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What Is the Best Way to Pay Off Credit Card Debt?

If you’re dealing with credit card debt, you’re not alone. Millions of Americans struggle with carrying balances and paying high interest rates on their credit cards. While getting out of debt can be challenging, exploring different payoff strategies tailored to your situation can help make it much more manageable.

There’s no one-size-fits-all “best” method for everyone to pay off credit card debt, but considering factors such as your total debt amount, interest rates, income, and personal preferences can help determine which approach may work well for you.

Key Takeaways

  • Take stock of your total outstanding debt, interest rates, and debt-to-income ratio.
  • Evaluate payoff methods such as the debt snowball, debt avalanche, balance transfers, and debt consolidation.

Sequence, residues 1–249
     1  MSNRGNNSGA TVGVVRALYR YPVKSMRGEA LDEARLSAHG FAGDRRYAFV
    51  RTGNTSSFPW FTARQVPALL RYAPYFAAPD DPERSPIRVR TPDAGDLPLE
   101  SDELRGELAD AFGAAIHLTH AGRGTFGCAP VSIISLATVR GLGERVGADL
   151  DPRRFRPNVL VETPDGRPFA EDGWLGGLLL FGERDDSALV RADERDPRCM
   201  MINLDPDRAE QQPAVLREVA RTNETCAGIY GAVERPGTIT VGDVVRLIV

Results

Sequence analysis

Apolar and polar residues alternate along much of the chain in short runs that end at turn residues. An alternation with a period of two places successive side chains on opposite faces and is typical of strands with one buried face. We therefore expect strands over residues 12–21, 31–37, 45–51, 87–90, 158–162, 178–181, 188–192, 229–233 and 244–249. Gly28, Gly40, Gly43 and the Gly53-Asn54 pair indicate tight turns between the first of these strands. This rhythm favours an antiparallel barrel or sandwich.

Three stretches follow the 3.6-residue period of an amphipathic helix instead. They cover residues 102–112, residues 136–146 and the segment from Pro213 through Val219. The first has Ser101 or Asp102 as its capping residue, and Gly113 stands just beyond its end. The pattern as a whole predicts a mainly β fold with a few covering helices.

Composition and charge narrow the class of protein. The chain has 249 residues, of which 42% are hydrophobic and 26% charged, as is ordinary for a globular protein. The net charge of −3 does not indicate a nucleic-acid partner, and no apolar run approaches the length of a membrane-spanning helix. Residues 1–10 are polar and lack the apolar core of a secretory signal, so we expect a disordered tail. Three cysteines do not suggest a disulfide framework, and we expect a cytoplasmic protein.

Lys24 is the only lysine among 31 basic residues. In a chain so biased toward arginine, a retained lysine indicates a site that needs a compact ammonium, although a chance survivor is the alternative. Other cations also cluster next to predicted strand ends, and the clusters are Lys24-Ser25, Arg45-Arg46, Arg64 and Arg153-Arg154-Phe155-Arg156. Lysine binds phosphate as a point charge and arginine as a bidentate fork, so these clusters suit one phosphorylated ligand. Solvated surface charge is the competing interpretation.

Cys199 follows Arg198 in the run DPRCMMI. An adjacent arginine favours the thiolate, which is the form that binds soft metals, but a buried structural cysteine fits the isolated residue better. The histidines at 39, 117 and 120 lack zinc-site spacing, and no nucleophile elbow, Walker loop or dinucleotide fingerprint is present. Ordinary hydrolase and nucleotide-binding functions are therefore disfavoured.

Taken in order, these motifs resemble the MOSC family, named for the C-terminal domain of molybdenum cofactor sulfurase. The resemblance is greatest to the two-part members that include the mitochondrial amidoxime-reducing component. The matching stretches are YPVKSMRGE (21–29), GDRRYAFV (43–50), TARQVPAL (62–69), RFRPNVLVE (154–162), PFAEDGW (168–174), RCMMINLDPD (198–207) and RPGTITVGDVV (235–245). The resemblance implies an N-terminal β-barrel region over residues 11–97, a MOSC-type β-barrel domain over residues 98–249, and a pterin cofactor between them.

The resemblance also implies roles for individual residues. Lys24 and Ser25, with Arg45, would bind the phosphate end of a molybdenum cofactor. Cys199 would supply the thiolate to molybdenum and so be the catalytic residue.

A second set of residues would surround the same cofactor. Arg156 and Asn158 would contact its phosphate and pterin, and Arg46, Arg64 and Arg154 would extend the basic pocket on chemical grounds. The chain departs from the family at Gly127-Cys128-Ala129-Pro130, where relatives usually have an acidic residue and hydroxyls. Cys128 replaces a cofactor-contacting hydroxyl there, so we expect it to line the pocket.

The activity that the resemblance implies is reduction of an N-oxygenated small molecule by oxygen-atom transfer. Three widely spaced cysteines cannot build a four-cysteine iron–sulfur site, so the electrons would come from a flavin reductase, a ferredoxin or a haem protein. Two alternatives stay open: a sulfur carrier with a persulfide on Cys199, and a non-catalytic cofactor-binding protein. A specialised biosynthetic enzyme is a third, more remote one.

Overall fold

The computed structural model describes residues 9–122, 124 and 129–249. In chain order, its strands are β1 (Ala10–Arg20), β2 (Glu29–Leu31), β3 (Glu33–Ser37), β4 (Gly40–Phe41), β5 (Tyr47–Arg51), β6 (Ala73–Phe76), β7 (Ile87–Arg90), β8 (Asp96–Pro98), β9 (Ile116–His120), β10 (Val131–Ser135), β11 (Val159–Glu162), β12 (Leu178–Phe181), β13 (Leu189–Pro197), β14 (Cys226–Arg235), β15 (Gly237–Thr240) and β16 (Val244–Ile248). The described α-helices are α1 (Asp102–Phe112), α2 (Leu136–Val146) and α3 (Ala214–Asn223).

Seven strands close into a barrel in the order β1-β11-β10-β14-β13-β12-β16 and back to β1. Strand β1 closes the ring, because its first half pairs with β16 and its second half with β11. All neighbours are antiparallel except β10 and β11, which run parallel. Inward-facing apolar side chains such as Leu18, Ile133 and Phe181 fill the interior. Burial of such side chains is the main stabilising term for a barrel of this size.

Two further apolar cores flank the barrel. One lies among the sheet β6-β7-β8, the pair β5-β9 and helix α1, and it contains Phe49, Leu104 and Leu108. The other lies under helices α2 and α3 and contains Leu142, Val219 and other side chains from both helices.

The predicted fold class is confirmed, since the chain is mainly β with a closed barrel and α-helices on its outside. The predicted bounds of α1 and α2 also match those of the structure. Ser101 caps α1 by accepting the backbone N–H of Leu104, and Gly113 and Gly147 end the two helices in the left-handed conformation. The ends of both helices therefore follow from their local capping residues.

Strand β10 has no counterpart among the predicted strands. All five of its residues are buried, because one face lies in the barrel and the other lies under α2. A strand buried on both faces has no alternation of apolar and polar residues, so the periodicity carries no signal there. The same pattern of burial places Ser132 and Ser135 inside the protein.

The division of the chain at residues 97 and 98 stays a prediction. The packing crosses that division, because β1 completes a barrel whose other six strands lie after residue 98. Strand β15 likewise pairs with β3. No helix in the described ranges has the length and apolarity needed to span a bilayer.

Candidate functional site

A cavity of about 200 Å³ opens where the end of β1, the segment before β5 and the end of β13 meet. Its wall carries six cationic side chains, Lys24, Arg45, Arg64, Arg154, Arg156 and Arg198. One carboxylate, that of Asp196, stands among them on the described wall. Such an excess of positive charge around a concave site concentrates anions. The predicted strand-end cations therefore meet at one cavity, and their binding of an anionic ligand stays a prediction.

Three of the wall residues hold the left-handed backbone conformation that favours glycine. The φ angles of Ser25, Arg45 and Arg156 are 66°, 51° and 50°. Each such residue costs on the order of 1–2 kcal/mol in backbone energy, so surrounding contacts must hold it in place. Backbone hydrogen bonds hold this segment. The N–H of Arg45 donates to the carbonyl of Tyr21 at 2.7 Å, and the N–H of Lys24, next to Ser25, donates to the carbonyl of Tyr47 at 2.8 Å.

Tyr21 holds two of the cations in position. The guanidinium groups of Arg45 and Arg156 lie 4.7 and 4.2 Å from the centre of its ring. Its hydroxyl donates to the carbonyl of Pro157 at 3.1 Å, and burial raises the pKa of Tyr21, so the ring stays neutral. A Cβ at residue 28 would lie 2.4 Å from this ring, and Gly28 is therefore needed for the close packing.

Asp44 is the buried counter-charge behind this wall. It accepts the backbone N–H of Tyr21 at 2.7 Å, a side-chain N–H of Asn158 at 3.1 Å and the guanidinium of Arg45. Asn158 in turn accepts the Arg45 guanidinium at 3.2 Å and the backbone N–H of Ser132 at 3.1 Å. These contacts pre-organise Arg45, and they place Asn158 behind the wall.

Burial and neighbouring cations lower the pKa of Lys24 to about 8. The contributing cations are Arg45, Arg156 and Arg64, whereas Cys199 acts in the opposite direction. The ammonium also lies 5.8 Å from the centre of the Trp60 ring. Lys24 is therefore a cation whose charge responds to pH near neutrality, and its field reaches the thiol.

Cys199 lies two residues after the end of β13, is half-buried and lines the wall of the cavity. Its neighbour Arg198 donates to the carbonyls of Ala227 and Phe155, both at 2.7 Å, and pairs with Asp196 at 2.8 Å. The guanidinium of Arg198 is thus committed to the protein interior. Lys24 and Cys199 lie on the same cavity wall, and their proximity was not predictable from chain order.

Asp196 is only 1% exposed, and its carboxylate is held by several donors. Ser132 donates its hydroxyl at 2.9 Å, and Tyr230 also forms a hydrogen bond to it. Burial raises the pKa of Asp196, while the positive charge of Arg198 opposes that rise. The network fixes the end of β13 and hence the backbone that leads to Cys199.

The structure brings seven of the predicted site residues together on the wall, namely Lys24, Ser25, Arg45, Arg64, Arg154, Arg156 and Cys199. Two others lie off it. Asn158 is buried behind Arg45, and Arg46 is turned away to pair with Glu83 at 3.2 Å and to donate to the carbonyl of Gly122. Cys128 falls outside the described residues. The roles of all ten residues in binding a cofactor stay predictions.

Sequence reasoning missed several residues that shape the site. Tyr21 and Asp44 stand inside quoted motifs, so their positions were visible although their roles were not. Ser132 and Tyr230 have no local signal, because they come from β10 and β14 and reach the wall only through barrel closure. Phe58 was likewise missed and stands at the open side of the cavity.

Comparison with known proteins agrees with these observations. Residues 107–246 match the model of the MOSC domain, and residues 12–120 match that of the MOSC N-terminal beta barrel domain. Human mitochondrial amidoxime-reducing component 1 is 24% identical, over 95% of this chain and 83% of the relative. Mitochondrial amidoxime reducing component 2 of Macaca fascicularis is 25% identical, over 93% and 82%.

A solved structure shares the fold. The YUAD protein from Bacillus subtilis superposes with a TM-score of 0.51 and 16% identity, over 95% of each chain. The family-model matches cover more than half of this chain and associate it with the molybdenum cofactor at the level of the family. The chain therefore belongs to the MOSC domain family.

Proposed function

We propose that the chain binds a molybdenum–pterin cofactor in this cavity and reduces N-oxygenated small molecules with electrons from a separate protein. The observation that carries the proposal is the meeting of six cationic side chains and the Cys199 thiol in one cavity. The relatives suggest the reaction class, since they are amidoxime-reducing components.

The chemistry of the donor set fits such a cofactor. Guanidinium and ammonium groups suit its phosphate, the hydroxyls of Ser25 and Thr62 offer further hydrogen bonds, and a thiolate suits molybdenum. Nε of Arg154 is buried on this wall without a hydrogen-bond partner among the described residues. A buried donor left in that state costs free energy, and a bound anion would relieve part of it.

• Create a personalized plan that fits your budget and motivation style.
  • Stay on track by increasing income, negotiating rates, and celebrating milestones.

First, Take Stock of Your Debt

Before deciding on a debt payoff strategy, make a list of all your outstanding credit card balances and interest rates. Calculate the total amount you owe across all cards. This number can be daunting, but having a clear picture is important. It’s also helpful to assess your debt-to-income ratio, which compares how much you owe to how much you earn.

Factors to Consider When Choosing a Payoff Method

debt relief sign

As you explore different debt payoff methods, remember the best way to approach paying off credit card debt depends on several key factors, including:

  • Total debt amount and number of accounts
  • Interest rates on each card
  • Your income and budget constraints
  • Personal preferences and what motivates you

The Debt Snowball Method: Could It Work for You?